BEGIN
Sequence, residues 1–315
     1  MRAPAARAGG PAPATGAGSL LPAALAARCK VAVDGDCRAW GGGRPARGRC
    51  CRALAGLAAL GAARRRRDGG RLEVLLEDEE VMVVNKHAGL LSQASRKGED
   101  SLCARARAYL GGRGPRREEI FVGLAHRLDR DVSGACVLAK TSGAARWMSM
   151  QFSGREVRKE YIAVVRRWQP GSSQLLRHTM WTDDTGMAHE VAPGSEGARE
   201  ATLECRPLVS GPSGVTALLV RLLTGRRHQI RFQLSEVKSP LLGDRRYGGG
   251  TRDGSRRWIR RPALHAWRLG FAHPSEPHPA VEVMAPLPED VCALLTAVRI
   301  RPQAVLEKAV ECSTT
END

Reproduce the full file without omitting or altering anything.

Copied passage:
Sequence, residues 1–315
     1  MRAPAARAGG PAPATGAGSL LPAALAARCK VAVDGDCRAW GGGRPARGRC
    51  CRALAGLAAL GAARRRRDGG RLEVLLEDEE VMVVNKHAGL LSQASRKGED
   101  SLCARARAYL GGRGPRREEI FVGLAHRLDR DVSGACVLAK TSGAARWMSM
   151  QFSGREVRKE YIAVVRRWQP GSSQLLRHTM WTDDTGMAHE VAPGSEGARE
   201  ATLECRPLVS GPSGVTALLV RLLTGRRHQI RFQLSEVKSP LLGDRRYGGG
   251  TRDGSRRWIR RPALHAWRLG FAHPSEPHPA VEVMAPLPED VCALLTAVRI
   301  RPQAVLEKAV ECSTT